Mar
04

Thing 16 – Differentiated Instruction and UDL

Filed Under (Things 15-21) by on March 4, 2015

1.  A few of the key elements of differentiating instruction that I use are ongoing, formative assessment, recognition of diverse learners, and group work.

I use ongoing, formative assessment during every lesson. Sometimes I use it more frequently than other times depending on the material. Strategies that I use for this element is my favorite “thumbs up, thumbs down”. This is a quick visual to myself to see who is understanding and who needs some extra help. I also use “exit slips” that contains a question regarding the main idea of the lesson taught. I read these and see who is getting the big picture and who is not. My students recently took a Scantron test for reading and mathematics. I am using differentiated instruction by organizing the scores and data into an excel sheet to access which students need help in the same area of study. This will help guide my instruction and will give me ideas to add into my lesson planning.

Recognition of diverse learners is also an element that I use in my classroom. Before, during, and after my lessons I am always asking questions. I also stop when students are in the middle of an assignment to briefly ask a question to bring them together again regarding the topic learned. This method helps my few students who have trouble reading. It also helps my few students who have a hard time focusing. This strategy of ongoing assessments helps them because of the repetition. The instructions or the main idea will be repeated multiple times through my questioning. I also go to my couple students for one on one. I ask them what they are supposed to do and if they have any questions. Overall, I do recognize my diverse learners in the classroom and try to assist them by any means necessary.

Finally, I use group work in my classroom. I used to enjoy group work when I was an elementary school and now enjoy watching my students work with each other. I use group work in each subject I teach. Sometimes, more group work is done than on other days. I also use a lot of pairing up as well. Sometimes I choose the pairs that I think would benefit from each other to learn the best they can, while other time I let students pick their partner or group.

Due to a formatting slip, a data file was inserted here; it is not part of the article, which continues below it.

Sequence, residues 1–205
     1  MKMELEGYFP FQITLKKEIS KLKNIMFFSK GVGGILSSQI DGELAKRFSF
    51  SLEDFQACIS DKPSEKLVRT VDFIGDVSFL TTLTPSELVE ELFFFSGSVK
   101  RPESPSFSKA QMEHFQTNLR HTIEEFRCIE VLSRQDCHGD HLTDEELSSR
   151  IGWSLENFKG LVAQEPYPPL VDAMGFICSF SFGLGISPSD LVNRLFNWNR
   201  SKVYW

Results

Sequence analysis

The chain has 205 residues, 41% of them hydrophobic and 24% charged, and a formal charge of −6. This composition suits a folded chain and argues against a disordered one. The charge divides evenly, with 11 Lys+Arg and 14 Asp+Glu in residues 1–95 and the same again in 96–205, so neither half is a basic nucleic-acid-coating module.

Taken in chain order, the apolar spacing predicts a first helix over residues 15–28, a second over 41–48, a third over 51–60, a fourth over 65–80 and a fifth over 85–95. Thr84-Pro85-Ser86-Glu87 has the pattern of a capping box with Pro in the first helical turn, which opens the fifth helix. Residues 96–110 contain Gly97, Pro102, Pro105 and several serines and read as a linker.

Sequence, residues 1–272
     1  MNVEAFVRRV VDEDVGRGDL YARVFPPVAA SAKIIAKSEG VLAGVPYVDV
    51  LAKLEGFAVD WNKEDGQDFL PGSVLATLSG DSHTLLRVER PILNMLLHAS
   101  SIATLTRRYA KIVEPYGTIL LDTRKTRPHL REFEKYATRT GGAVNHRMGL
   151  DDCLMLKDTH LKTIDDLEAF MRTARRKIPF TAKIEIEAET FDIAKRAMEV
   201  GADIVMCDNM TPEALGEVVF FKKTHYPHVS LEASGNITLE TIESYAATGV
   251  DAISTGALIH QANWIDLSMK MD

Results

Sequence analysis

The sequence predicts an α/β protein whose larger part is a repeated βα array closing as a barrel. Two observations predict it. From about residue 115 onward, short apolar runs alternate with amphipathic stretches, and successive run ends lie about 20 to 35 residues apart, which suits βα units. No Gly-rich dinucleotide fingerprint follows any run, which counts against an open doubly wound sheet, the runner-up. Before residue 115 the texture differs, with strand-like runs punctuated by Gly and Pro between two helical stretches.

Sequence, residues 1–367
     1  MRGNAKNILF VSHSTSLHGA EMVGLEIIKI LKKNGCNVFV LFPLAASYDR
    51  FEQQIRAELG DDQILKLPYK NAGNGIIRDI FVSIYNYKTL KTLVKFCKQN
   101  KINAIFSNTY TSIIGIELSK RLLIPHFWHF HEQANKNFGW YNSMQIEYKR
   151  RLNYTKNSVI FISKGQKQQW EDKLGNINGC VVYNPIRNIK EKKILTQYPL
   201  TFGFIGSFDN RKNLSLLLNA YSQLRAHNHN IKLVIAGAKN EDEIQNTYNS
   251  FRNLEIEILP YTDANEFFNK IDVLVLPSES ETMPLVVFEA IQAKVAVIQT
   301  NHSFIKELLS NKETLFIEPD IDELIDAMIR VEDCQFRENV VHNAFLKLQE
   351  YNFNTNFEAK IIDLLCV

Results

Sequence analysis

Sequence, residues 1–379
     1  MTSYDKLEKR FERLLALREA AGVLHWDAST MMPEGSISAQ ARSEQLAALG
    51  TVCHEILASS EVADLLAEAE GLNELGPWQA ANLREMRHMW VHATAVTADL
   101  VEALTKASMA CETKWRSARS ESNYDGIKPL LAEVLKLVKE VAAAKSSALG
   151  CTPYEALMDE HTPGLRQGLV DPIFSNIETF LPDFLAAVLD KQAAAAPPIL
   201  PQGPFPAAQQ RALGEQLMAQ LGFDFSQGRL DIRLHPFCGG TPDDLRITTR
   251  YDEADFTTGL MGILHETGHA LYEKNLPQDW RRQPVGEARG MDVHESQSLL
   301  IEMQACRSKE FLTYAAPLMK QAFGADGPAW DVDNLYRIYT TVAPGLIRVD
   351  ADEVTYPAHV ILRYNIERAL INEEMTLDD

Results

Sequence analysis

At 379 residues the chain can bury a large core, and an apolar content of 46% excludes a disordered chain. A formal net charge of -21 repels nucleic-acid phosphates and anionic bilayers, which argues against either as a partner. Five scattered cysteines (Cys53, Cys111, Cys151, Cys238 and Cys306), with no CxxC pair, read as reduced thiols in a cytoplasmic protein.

2. As I read the article from WestEd on Using Flexible Technology to Meet the Needs of Divers Learners: What Teachers Can Do, I discovered new ideas to support a struggling learner in my classroom. One idea is that I enjoyed the KidsClick website. I like this site because you can pick a subject topic and it will search the web for articles and other websites. I also like how it has an advanced search button, so students who are researching a topic to put the reading level in. This allows the web to distinguish what level the students can read at. This is great for differentiating instruction. Another website I liked was Benetech’s BookShare. I like this site because struggling students who are not familiar with certain books will be able to type it into the search engine and find out if the book is at the right grade level for them. Some other ideas I learned is through the best practices recommendations for technology. The article stated that graphic organizers and multimedia presentations with groups allows struggling learners in enhance their learning. Graphic organizers can be very visual with pictures and diagrams. You can also differentiate this by allowing some students to write more information and other to write the main ideas. Multimedia projects allows collaboration and each person can be in charge of areas they can individually handle.

3.  As I visited the Universal Design for Learning: Strategies, Tools, and Resources wiki, I navigated on the left the “Audio Support”.  I have two ESL students and three students who receive RTI. These audio resources can help these students in the support that they need. A tool I looked at were the audio books. I went to the website http://librivox.org and was surprised by all of the free recordings of books there was. I looked for a few popular ones and was shocked they had The Adventures of Huckleberry Finn by Mark Twain. I also liked the link http://www.readthewords.com. I like this because it is easy to use and very fast. It is also free which is also perfect. Reading this Audio Support, I found that there are many other resources that I had never known about that I could use with my struggling students. Overall, this is a break wiki!

4. Text-to-Audio Conversions are fantastic digital tools. It is a great way for students to see at the same time the print and the voice being said aloud. This would benefit my few students in my classroom who are ESL learners. This tool can be integrated for different things. I could write sentences and have students listen and read. I also could use this tool for new vocabulary words and etc. Here is a screenshot of a sample I did using the YAKiToMe audio conversion!

03-04-2015 5-25-19 PM



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